|"Information" Hanne Darboven, 1973, artist's book, 72 pages|
This dictum is well illustrated by a very unusual piece on display at the Hirshhorn Museum (Washington, DC) exhibition, “At the Hub of Things”. The work by Hanne Darboven, entitled “27K-No8-No26” consists of nearly 150 typewritten sheets which are framed in classic skinny black metal frames.
The grid is fine, although the arrangement is asymmetrical: 7 rows of 19, and a bottom row of 16. The bottom row is perhaps 4 feet below eye level so it isn’t immediately evident, but the arrangement is very curious.
And the typing on each page is also vastly curious: mathematic formulas, groupings that add one character per sheet, hand written notes delineating every ten marks; enigmatic formulas that follow the arrangement of numerals, characters, punctuation marks…funky, bizarre, compulsive.
The dozens of typewritten pages are not a single sequence. Several different ideas make the collection all the more interesting. I’ve never heard of this artist, but the piece got me to search a little, check it out, and learn some— pretty cool, pretty fun.
Her work on Google Images reveals page after page as her modus operandi: whether scribbles, numbers (numerals actually), or equations, the incessant nature of her artwork/installations is a hallmark.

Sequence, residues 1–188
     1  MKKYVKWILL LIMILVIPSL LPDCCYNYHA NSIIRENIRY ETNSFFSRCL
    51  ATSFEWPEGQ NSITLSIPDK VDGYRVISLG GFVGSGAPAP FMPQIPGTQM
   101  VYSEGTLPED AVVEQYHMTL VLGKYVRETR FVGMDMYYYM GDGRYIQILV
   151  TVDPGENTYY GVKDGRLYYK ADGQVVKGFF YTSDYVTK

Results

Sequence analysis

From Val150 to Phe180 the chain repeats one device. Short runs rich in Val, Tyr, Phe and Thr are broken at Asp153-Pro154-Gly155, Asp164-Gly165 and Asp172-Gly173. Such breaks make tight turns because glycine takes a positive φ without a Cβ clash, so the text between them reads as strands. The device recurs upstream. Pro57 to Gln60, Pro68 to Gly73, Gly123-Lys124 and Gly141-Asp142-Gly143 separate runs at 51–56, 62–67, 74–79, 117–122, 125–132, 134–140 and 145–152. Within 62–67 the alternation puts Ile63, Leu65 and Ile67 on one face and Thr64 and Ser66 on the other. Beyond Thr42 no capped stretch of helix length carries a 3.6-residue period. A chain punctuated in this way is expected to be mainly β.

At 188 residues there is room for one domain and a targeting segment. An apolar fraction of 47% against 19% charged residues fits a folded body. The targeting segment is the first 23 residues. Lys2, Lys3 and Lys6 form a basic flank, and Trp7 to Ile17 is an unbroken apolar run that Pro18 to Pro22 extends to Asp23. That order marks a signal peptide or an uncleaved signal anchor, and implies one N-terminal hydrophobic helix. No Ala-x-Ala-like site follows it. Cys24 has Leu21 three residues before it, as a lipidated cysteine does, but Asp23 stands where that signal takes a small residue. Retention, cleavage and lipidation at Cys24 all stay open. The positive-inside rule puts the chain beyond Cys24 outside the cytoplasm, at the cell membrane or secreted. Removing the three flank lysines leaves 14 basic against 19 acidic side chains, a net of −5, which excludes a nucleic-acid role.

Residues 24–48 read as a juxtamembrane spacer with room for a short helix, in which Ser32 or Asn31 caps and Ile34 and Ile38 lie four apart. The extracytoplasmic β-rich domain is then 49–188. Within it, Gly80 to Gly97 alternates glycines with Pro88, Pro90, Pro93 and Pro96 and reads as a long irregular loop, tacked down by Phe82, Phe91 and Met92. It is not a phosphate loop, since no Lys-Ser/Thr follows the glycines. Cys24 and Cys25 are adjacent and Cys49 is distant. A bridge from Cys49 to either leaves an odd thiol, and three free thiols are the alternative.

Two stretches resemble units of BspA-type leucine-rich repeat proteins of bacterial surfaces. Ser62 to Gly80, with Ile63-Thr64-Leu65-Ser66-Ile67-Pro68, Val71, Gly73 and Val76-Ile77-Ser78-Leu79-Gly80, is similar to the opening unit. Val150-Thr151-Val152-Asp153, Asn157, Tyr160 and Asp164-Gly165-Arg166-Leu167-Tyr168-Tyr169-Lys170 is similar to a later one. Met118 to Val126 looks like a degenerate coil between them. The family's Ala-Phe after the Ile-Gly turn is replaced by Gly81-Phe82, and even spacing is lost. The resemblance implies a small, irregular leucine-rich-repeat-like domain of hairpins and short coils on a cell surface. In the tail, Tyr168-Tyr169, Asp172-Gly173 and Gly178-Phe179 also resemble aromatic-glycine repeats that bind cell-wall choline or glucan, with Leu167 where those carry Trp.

Hanne Darboven’s artwork at the Hirshhorn exhibition is quite unusual. The ubiquitous 70’s grid got filled with Darboven’s personal formulas and mathematical progressions. All that empty space, every bit of it is earnestly filled.
”27K-No8-No26”, as its title might suggest, is different from the other pieces displayed at the Hirshhorn, even though it shared some basic formal elements of grid, repetition, and text. Really different; it’s the result of an artwork which is entirely idea based, rather than aesthetically based.
(Hanne Darboven, photo by Gianfranco Gorgoni, date unknown)
Hanne Darboven’s artwork made me realize that I knew how to look at abstract paintings, but that viewing conceptual art was a different experience. It was fun to have disorientation again when confronted by artwork--from the 70's!